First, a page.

How (and why) to set a static IP address in Windows 10
To set a static IP address in Windows 10:
- Launch Settings > Network & Internet.
- Click “Properties”.
- Click “Edit” under “IP settings”.
- Select “Manual” from the dropdown menu.
- Enable the “IPv4” toggle button.
- Fill out the IP settings form.
Applies to All Windows 10 Versions
Your device’s IP address is a label used to identify it on your network. By default, Windows requests an IP address from your broadband router. The router hands out an address which your device can use for a set period of time (usually a day or a few hours). At the end of the “lease”, the device must make another request and the router may issue a different IP.
You can configure Windows to use a “static” IP instead. As implied by the terminology, a static IP is exactly that – static. It’ll never change and Windows doesn’t need to consult the router to “request” an IP. Having a static IP is useful when connecting to your PC from another device on your network, as it ensures there’s a consistent label identifying each of your machines.
To set a static IP in Windows, open the Settings app and click the “Network & Internet” category. On the Network Status page, click “Properties” under the network interface which is displayed. Most of the time, you’ll likely see only a single option here but some devices may have multiple – for example wired Ethernet and Wi-Fi. If that’s the case, select the one you want to use the static IP with. IPs must be configured on a per-connection basis.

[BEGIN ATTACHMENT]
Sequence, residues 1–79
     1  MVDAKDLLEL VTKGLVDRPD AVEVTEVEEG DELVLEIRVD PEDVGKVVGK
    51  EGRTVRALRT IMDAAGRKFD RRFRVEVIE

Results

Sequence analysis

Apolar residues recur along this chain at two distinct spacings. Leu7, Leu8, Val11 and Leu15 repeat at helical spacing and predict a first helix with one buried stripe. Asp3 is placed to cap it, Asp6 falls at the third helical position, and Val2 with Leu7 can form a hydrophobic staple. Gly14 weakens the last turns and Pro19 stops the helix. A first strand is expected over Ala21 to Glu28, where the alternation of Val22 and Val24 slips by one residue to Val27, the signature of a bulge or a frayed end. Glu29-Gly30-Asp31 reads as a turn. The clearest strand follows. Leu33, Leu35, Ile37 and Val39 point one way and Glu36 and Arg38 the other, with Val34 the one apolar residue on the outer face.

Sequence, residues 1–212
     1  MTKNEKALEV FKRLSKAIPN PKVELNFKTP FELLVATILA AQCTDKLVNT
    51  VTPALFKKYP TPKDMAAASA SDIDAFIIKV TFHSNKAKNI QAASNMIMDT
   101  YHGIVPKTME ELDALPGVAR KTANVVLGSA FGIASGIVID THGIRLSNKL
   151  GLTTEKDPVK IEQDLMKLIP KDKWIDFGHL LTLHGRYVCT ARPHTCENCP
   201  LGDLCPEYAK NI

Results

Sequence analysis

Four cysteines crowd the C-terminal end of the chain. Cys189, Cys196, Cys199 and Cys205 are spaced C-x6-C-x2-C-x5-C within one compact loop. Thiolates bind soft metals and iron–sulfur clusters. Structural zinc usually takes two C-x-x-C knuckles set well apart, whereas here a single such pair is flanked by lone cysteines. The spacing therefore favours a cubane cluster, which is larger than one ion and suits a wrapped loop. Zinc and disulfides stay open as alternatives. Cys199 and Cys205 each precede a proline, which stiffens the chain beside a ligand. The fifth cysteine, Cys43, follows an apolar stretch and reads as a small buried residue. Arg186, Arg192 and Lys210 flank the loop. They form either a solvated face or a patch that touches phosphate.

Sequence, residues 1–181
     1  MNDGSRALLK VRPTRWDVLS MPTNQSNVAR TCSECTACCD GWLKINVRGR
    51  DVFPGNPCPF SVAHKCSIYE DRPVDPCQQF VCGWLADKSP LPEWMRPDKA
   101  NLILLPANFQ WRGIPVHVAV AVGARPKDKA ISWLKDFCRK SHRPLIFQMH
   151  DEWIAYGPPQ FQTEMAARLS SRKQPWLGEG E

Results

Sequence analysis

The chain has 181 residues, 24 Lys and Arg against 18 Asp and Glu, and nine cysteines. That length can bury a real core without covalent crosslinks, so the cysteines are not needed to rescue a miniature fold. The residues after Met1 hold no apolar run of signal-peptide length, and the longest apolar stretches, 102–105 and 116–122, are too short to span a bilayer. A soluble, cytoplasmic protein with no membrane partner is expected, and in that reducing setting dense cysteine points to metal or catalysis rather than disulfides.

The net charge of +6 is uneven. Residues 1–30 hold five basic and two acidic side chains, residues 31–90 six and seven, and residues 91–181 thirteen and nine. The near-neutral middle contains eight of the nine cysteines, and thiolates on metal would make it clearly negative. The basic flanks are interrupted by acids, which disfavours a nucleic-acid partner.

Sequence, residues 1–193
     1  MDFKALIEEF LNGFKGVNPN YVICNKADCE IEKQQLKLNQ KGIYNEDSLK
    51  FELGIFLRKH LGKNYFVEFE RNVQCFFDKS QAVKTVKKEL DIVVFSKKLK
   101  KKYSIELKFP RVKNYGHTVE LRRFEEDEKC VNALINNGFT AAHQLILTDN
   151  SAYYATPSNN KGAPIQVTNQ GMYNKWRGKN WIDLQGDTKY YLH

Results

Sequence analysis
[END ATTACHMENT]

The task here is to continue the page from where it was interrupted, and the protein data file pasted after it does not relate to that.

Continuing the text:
On the properties page, scroll down to the “IP settings” heading. Click the “Edit” button and select “Manual” from the dropdown box which appears. We’ll concentrate on IPv4 for now but setting up IPv6 to use a static IP works in exactly the same way. It’s usually best to leave IPv6 alone unless you already know you’ll be using it.
Change the toggle button under IPv4 to the On position. Next, fill out the form as follows:
- IP address – The IP address you’d like your device to have. For example, 192.168.0.10.
- Subnet prefix length – This should usually be 255.255.255.0 unless you know otherwise for your network.
- Gateway – Set this to the IP address of your router. (You can find this out by opening Command Prompt from the Start menu and running the ipconfig command; it’ll be listed as “Default Gateway”.)
- Preferred DNS – This should usually match the gateway given above.
Once all that’s setup, click the Save button to apply the changes. It’s important to note that the values above are purely for illustrative purposes; the example IP address may be inappropriate depending on how your network’s setup.
You should generally take your router’s IP address and change the final number to determine a valid static IP – in the example above, we’d expect the router to have an address of 192.168.0.XXX. When in doubt, you can try consulting your router’s manual which should contain information on how its default settings and how you can configure static IPs to work with them.